In addition to these four, there are currently almost 20 other mucosal vaccines in clinical trials. They range from live attenuated virus vaccines to vector vaccines to protein subunit vaccines.
Many are new developments. Some, such as AstraZeneca’s candidates, are lower-dose spray versions of the intramuscular vaccine. Some candidates are planned at the same time for the basic immunization and as a booster.
development with obstacles
Their development is in many ways more difficult than that of classic vaccines. For example, according to Florian Krammer from the Icahn School of Medicine at Mount Sinai, there are no standardized tests to assess mucosal immunity. They would reveal whether and what amounts of antibodies were formed in the mucous membrane. So far, this test has only been available for antibodies in the blood. The immunologist has also co-developed a Covid-19 nasal vaccine, which is currently going through the middle phase 2 study.
Mucosal vaccines also lead to antibodies in the blood, but often only in small amounts. However, this does not necessarily mean that a vaccine works badly. Until these tests are available, the mucosal vaccines will probably be measured by their blood antibody levels. According to the company, CanSino Biologics’ spray vaccine causes higher values than the intramuscular variant, even after the usual removal. The company also measured antibody and T-cell levels in saliva, but it’s currently unclear what levels would indicate sterile immunity.
Another difficulty is to find suitable enhancers (adjuvants) so that the immune system kicks in properly. It is also not easy to measure how effective mucosal vaccines are in disrupting virus transmission. Last but not least, the question arises as to how long the protection would last and whether variant-specific boosters would be necessary. But even if so, Iwasaki says these sprays could potentially be sold in pharmacies because anyone can self-administer them like an allergy spray.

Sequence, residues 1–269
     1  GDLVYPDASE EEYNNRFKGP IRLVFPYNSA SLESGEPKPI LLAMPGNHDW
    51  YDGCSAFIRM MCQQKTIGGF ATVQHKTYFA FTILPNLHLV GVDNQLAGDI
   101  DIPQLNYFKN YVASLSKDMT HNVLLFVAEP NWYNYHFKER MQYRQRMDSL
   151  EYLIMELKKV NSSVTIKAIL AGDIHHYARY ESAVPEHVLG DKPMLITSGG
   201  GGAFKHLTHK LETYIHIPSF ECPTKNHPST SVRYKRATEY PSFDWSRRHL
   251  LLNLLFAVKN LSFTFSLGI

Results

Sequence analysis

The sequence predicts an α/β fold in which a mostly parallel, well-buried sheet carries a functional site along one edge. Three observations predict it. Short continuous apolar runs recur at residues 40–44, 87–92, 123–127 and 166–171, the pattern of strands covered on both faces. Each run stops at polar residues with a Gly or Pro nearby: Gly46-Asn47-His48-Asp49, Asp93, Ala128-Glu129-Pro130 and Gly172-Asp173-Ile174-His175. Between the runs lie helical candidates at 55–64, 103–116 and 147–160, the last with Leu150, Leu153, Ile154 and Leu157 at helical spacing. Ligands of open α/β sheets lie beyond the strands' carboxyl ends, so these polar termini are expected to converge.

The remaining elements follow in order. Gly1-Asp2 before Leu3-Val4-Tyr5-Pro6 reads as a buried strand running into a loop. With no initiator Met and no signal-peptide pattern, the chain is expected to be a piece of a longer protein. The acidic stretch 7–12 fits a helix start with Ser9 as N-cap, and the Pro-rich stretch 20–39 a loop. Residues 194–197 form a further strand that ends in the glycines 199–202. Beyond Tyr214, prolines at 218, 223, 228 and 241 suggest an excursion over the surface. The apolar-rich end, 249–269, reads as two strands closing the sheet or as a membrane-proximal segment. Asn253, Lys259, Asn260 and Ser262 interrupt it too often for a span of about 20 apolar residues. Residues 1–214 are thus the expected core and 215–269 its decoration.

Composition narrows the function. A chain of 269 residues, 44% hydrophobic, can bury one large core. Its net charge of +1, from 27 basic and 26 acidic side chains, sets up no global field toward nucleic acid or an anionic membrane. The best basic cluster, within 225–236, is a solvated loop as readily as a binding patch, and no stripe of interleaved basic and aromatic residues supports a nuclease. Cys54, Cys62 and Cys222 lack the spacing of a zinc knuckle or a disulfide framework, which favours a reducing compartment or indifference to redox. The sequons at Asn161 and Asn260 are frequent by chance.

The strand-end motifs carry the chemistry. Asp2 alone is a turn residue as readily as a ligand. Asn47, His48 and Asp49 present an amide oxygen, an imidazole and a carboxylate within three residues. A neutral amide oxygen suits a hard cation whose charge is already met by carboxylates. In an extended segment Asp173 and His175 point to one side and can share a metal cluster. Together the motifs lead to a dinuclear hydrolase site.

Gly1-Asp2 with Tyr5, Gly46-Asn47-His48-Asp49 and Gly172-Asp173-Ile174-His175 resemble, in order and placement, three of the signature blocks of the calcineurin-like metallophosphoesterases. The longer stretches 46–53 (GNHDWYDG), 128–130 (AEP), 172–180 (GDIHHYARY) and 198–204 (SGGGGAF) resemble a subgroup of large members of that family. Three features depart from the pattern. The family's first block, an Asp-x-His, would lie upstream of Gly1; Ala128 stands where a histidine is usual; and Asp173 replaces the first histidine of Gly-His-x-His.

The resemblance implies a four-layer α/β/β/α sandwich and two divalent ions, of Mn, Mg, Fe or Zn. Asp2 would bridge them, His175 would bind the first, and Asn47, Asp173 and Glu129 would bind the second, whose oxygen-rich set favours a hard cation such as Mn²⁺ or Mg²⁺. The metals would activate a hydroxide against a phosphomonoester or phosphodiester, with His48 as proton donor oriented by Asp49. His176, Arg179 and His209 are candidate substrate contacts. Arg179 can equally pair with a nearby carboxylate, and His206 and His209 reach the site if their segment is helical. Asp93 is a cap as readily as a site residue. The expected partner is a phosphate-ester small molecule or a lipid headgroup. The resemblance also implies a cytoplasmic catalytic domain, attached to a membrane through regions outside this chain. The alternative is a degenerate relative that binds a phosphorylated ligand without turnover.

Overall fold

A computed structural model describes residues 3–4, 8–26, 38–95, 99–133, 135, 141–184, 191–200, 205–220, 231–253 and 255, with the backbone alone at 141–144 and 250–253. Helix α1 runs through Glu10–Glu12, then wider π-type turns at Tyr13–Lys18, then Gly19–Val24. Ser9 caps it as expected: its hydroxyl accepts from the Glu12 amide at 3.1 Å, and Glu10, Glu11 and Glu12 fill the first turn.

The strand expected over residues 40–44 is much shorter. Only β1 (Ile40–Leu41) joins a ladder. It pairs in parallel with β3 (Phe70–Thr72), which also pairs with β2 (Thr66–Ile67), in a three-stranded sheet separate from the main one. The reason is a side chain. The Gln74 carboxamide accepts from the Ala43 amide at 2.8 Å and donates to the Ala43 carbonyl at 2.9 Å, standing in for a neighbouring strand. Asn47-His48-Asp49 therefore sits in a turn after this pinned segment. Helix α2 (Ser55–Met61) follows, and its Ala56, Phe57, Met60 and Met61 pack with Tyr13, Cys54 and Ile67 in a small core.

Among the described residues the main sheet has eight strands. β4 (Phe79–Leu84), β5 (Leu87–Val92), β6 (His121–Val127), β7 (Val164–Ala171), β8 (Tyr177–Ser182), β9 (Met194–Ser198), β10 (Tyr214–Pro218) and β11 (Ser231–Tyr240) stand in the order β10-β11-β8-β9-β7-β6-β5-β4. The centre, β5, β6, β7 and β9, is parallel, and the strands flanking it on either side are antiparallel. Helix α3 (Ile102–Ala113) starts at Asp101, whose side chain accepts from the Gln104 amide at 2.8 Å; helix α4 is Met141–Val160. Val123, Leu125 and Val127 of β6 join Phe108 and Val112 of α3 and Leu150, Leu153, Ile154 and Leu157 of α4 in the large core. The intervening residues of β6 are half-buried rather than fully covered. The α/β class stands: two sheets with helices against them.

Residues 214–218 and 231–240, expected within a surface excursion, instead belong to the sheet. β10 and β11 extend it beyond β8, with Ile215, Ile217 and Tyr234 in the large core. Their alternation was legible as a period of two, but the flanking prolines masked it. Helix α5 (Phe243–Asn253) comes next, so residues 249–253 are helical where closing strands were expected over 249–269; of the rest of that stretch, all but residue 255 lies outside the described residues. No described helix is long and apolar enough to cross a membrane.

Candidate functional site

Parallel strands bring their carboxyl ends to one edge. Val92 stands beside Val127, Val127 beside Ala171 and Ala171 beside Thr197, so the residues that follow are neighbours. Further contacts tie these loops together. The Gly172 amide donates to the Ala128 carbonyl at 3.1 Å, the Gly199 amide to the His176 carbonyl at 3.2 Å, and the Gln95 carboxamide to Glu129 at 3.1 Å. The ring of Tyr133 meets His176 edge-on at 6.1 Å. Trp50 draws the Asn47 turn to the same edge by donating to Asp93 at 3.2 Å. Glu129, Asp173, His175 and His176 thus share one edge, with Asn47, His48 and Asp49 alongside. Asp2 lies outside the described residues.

How well do previous mucosal vaccines work?
Previous examples of mucosal vaccines also show how trivial the generation of mucosal immunity is. In total, just over ten of them are available for various diseases. These include the only nasal spray vaccine LAIV for children and adolescents against influenza (called FluMist in the US and Fluenz in the UK), as well as a number of oral vaccines, for example against cholera and the former polio vaccine. However, the weakened flu pathogen of the LAIV vaccine only protects children well against the disease, but has little effect on adults. This may be due to the fact that adults have acquired a certain immunity through previous contact with the pathogens, which also clears away the vaccine viruses.
The oral polio vaccine, on the other hand, provided almost complete sterile immunity in the intestinal mucosa, but is no longer used in Europe. Because its weakened viruses can occasionally mutate and produce infectious virus particles again, which are then excreted in the stool. This phenomenon is behind the recent poliovirus finds in the sewage of London and New York. They probably go back to children who came into the country and were immunized with the oral vaccine in other countries.
According to experts, without large-scale funding, it will take up to two years before the next mucous membrane vaccines are available. But despite the remaining hurdles, it is worth the effort: the profit would be huge if successful.